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A United Nations agency is quietly drafting technical standards, proposed by the Chinese government, to define methods of tracing the original source of Internet communications and potentially curbing the ability of users to remain anonymous.
The U.S. National Security Agency is also participating in the "IP Traceback" drafting group, named Q6/17, which is meeting next week in Geneva to work on the traceback proposal. Members of Q6/17 have declined to release key documents, and meetings are closed to the public.
The potential for eroding Internet users' right to remain anonymous, which is protected by law in the United States and recognized in international law by groups such as the Council of Europe, has alarmed some technologists and privacy advocates. Also affected may be services such as the Tor anonymizing network.
right to remain anonymous
If I want to remain anonymous IRL, I have to put on a disguise or do something to hide myself. Why should the Internet be any different? While I don't necessarily like governmental bodies drawing up these standards, IP authentication would have many positive effects on the Internet.
Why should the Internet be any different?
Many good reasons. One of them is that in real life snooping on your is very hard, Govt can't check which book you buy or read - online it can be logged and if IPs are easily associated with names then it is easy to make lists of people who (say) read political stuff that is not in the interests of the ruling party. Internet allows to automate such analysis, something that is not easily possible in real life.
I am all for spammers/crackers being whacked for what they do - there is a due process for that, it just needs to be streamlined. But making everyone carry ID papers for every search we make or every (possibly) wrong url clicks, just think of scammers doing stuff on zombie PCs - good people will be affected where as bad ones will still hide behind stolen identity - this is much worse than if they those bad things anonymously.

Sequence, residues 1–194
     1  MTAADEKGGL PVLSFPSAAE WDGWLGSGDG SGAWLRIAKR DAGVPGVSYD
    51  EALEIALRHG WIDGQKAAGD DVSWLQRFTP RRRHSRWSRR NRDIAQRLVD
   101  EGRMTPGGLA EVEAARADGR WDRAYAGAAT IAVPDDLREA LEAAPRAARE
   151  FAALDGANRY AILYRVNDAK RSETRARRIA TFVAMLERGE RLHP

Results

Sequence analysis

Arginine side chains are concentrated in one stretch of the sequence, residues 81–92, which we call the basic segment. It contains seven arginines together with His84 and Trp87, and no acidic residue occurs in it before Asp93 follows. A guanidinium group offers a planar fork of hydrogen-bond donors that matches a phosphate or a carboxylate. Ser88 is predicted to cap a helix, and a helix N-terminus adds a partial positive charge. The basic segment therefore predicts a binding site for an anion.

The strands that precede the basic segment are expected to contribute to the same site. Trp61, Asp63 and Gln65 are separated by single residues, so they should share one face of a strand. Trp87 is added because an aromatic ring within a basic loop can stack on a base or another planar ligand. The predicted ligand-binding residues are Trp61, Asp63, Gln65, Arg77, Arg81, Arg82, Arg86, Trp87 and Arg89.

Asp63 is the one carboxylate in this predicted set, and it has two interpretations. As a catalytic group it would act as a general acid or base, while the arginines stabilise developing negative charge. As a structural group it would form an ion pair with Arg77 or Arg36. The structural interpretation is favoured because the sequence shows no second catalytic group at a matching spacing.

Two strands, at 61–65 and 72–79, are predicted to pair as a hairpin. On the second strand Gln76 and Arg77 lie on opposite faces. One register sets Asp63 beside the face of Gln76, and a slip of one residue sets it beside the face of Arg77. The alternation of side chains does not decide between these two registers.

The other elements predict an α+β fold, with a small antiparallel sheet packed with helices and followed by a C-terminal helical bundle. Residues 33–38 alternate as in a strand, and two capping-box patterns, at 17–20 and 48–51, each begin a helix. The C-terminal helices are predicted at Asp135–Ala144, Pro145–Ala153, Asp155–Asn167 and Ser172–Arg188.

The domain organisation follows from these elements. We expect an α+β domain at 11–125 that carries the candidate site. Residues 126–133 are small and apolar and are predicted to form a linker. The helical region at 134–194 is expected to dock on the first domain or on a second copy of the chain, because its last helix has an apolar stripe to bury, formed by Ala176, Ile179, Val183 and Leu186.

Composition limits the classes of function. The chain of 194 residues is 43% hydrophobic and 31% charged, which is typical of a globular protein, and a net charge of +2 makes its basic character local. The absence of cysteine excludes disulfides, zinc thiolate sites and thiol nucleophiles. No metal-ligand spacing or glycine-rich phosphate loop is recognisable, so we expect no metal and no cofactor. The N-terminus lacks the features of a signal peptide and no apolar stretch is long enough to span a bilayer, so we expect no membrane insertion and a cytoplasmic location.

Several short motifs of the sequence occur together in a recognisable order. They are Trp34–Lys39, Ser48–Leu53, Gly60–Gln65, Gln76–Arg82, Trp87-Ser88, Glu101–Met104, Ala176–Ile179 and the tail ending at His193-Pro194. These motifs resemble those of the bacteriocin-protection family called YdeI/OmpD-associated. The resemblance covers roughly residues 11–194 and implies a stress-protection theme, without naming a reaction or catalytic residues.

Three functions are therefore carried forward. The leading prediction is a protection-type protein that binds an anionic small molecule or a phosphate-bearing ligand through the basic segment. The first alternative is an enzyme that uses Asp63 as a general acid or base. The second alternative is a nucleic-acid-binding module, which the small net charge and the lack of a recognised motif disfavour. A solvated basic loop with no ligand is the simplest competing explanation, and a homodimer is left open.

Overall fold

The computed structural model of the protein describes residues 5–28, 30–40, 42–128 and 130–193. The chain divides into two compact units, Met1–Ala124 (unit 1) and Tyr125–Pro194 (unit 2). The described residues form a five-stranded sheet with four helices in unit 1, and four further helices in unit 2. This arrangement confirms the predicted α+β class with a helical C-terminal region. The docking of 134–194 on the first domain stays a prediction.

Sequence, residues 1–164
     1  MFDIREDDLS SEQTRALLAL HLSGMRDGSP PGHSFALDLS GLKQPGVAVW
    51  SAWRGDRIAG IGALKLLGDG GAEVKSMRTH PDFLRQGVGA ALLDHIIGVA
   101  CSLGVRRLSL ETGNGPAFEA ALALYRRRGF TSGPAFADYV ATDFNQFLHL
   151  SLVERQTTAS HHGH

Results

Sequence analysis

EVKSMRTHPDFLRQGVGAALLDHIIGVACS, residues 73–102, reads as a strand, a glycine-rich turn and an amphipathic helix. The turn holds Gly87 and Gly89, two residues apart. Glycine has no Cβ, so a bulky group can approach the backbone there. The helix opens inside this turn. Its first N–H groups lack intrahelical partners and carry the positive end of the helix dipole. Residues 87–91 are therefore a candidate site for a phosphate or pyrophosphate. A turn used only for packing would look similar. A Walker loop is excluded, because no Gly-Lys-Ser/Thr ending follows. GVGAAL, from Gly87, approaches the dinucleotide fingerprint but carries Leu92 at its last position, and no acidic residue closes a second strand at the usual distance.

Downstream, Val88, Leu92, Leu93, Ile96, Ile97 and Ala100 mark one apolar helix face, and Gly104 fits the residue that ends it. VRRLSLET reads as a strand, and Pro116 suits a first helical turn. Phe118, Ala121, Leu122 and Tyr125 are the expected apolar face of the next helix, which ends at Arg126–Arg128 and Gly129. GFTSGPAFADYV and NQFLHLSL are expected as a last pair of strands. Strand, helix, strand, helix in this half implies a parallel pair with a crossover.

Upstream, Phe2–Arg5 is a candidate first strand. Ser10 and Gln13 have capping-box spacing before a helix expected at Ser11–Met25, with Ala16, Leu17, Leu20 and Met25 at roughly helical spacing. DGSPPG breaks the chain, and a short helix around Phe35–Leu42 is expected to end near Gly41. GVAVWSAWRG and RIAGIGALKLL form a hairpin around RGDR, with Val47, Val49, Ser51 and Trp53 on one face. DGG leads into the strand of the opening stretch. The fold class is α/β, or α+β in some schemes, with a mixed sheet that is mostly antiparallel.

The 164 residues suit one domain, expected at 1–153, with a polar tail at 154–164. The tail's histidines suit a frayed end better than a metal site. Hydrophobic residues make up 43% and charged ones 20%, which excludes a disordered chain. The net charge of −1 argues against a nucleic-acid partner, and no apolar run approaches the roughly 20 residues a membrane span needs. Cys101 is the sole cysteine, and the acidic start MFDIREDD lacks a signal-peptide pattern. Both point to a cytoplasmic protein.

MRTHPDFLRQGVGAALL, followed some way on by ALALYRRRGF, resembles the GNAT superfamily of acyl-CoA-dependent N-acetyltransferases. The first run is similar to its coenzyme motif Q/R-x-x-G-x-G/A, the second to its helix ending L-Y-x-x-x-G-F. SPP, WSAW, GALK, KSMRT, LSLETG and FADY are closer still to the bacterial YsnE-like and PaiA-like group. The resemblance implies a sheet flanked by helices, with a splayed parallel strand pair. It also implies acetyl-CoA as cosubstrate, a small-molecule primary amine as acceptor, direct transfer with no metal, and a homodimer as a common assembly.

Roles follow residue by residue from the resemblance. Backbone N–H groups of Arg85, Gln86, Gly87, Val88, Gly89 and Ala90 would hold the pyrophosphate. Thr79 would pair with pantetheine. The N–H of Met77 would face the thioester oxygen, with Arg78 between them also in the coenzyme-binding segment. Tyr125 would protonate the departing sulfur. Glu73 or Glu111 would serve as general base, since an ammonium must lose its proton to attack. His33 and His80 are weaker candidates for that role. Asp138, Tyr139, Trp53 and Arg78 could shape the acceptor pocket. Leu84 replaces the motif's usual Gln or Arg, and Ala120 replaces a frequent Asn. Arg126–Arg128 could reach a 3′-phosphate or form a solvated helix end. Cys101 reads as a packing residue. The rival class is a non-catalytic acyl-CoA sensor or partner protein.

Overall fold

It's not job of the UN anyway, they should focus on stuff like genocide in Darfur and other places and stop wasting money on stuff like this.
joined:Dec 29, 2003
People often confuse the right to free speech with anonymity. There's a big difference. Just because you can express your political ideas -without having to fear repercussions of your own government-, doesn't mean you earned the right to remain anonymous. If somebody commits libel you want to know who to sue ;-).
Why would anonymity be a right ?
There is a direct correlation between available anonimity and actual effective presense of free speech.
Say people who go to demonstrate against something should not have to provide their IDs before hand.
If somebody commits libel you want to know who to sue ;-).
You can already obtain ISP records in relation to a lawsuit in order to identify defendant and then pursue via normal channels in courts. This is a fairly established procedure now.
[edited by: ReDSecToR at 7:04 pm (utc) on Sep. 12, 2008]
joined:Dec 29, 2003
If fact there was a very famous case about this about a publishing house that made "how to" manuals about how to murder someone, how to make bombs, all sorts of bad stuff.
The family of a murder victim sued the publisher after their book was found at the perpetrator's house, they tried to get the publisher to reveal the name of the author and all sorts of big names came to the defense of this sleazy publication not because they were right to publish that crap but because the author had the right to remain anonymous.
Why can't my blog be the same?
Because you are posting on a publicly available medium. Usually super secret anonymous sources and journalists don't hold their meetings in front of a large group of people using loud speakers. Also, while the article was short on details, how is "IP Traceability" really any different than what we have now. Unless you know how to spoof IP addresses, your anonymity for doing something online is reliant primarily upon the records your ISP keeps and how willing/unwilling they are to give them out.